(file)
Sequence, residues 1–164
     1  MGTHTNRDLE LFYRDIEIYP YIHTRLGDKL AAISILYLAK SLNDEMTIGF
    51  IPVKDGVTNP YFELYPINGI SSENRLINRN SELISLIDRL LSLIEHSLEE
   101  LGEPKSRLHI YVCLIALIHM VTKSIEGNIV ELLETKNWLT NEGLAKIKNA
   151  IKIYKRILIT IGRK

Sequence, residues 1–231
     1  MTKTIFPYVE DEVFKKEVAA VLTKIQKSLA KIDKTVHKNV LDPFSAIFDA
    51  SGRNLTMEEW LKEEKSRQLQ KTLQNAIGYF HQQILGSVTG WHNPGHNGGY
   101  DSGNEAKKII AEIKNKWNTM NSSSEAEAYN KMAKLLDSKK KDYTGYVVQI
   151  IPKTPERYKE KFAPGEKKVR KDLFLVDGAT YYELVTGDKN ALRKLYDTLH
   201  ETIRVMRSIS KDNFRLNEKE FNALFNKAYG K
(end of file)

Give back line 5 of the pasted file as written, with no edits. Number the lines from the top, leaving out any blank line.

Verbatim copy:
   151  IKIYKRILIT IGRK